Blog Archives

Astros Blazing a Trail on Earth Day

By Brian McTaggart, MLB.com

The Astros joined the rest of baseball in celebrating Earth Day on Sunday, and the club boasts a variety of green initiatives, including LED lighting at Minute Maid Park.

Major League Baseball was the first professional sports league to have all of its teams as members of the Green Sports Alliance, which promotes healthy, sustainable communities in sports. In fact, MLB clubs diverted more than 20,000 tons of recycled or composted waste during the 2017 season.

The Astros have retrofitted light fixtures in their front-office spaces and converted center-field lighting to LED. They also provide single-stream recycling opportunities for fans and engage in cardboard, pallet and electronic recycling — maintaining a 5-percent increase in their diversion rate each year.

What’s more, the Astros and Nationals are currently pursuing LEED Silver certification at their Spring Training facility, The Ballpark of the Palm Beaches in West Palm Beach, Fla. LEED (Leadership in Energy and Environmental Design) certifications are given to buildings that meet strict guidelines for environmental responsibility by using less water and energy and reduce greenhouse gas emissions.

Read full article here.

Arizona Diamondbacks Given Green Sports Alliance Award

By James Billington, Stadia Magazine

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The Green Sports Alliance has recognized 10 individuals and organizations with its Environmental Innovators of the Year award and among those included for their sustainability efforts is Major League Baseball’s Arizona Diamondbacks.

The D-Backs received the award as a result of initiatives such as adding 200 new recycling bins, increasing recycling tonnage by 170% (314 tons recycled per year), and introducing eco-friendly hand dryers that replaced 350 miles of paper towels and low-flush toilets and urinals to reduce water use by 50%.

In addition, the D-Backs partnered with Levy Restaurants to donate 9 tons of food to a local shelter and teamed up with UnitedHealthcare to develop a vertical garden on the exterior of the ballpark, donating fresh produce to Kitchen on the Street, a non-profit organization that aims to eliminate child hunger.

The awards, which are now in their seventh year, celebrate the sports greening movement, and the other nine organizations that were given the coveted accolade were: Aramark, BASF, Hampton Farms and the Kansas City Chiefs; Greg Martin of Martin Design Partnership; Melbourne Cricket Club; Raka 7s Rugby Tournament; Sacramento Running Association; US Bank Stadium; University of Texas Austin; University of Washington Department of Athletics; and Vegan Night with the Pittsburgh Pirates and PNC Park.

Read the full article here.

Game Day Garbage: Reducing Food and Plastic Waste

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All around the world, sports fans flock to stadiums, arenas and ballparks to cheer for their favorite teams. With many of these fans consuming food and drinks during events, an enormous amount of waste is generated by the sports industry each year. In the U.S. alone, major league baseball fans create more than 1,000 tons of waste every season—and until recently, all but a tiny percentage has made its way into landfills.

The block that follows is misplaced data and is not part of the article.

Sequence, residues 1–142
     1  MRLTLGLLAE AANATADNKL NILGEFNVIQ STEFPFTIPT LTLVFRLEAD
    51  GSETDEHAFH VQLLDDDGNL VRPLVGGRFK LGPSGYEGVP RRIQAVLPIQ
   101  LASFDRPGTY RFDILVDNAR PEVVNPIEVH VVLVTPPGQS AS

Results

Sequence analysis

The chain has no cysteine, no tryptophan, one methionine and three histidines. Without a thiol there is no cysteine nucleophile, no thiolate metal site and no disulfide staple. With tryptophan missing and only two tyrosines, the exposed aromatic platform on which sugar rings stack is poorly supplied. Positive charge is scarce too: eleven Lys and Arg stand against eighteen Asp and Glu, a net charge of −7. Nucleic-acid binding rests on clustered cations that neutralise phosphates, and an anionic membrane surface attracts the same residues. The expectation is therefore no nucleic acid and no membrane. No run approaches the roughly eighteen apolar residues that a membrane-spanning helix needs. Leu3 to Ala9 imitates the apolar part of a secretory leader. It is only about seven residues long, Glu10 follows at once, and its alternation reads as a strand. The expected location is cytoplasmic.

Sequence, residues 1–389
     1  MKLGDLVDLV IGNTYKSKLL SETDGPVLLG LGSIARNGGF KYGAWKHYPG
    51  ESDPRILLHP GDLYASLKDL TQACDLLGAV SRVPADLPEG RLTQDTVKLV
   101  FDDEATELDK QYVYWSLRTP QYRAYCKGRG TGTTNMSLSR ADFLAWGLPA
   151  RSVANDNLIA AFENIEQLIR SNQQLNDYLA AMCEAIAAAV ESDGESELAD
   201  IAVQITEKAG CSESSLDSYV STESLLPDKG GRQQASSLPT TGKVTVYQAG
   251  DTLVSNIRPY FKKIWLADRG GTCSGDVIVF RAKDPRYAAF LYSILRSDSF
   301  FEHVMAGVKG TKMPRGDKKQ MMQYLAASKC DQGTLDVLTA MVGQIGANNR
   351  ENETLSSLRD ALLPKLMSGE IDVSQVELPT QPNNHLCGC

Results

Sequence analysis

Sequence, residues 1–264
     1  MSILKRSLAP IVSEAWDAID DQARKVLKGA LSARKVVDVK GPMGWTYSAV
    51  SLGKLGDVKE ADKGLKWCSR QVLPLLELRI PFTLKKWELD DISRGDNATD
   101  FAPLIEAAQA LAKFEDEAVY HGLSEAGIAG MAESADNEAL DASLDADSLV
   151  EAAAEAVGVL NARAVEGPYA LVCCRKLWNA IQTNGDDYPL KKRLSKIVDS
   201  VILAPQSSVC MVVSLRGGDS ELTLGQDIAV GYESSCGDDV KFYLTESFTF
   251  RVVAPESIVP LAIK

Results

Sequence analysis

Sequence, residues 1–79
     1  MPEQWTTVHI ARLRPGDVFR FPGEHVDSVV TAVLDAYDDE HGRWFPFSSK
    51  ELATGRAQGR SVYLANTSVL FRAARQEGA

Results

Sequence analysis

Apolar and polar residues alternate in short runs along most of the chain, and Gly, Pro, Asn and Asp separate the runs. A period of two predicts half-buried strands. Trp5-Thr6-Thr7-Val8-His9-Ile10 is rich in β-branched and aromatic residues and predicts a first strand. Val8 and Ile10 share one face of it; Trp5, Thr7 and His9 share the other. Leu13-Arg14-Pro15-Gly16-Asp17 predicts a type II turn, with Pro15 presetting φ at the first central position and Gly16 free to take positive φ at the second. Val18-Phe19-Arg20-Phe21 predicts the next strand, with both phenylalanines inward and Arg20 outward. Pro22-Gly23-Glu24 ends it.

That is changing, thanks to Cargill’s bioplastics joint venture NatureWorks, the world’s largest producer of polylactic acid polymer, called Ingeo™️ PLA. The company is enabling more sports waste to be diverted away from landfills.

NatureWorks grew out of a Cargill research and development project in the 1990s. The team came up with a low-carbon-footprint resin, made by fermenting sugar into lactic acid and forming it into hard pellets, which are then sold to manufacturers. The pellets can be used in a variety of products normally made from plastics or fibers, including diapers, coffee capsules, 3D printing filament, cell phone cases, and foodservice packaging. Marketed under the brand name Ingeo™️, some of these products can be designed to be 100% compostable.

At Target Field, home to the Minnesota Twins baseball team, located in Minneapolis just 13 miles from Cargill headquarters, the team has partnered with Eco-Products, a foodservice manufacturer, to provide cups, plates, trays, and eating utensils made from Ingeo materials—all of which can make it easier to collect food waste to be sent to compost.

Bottles and cans have long been recycled at the ballpark, but by composting Ingeo-based products more commonly made from oil-based plastics, the Twins have increased the amount of waste diverted from landfills to 90 percent.

All around the world, more teams are taking on the challenge of increasing the sustainability of their game-day operations. Some venues are converting waste into compost, used as mulch on fields and green spaces.

“Over the past several years, a number of sports teams with recycling and composting rates around 10 percent have dramatically increased their rates to 80 percent or more,” said Scott Jenkins, chairman of the Green Sports Alliance, a non-profit organization dedicated to helping enhance the environmental performance of sports teams, venues and leagues.

As stadiums expand their use of Ingeo-based goods to reduce landfill waste, NatureWorks is looking to help other industries, like the restaurant sector, minimize their carbon footprints, increase organics diversion and to help make all food service ware more environmentally sustainable.

That’s a goal everyone can cheer for.

View the story here.

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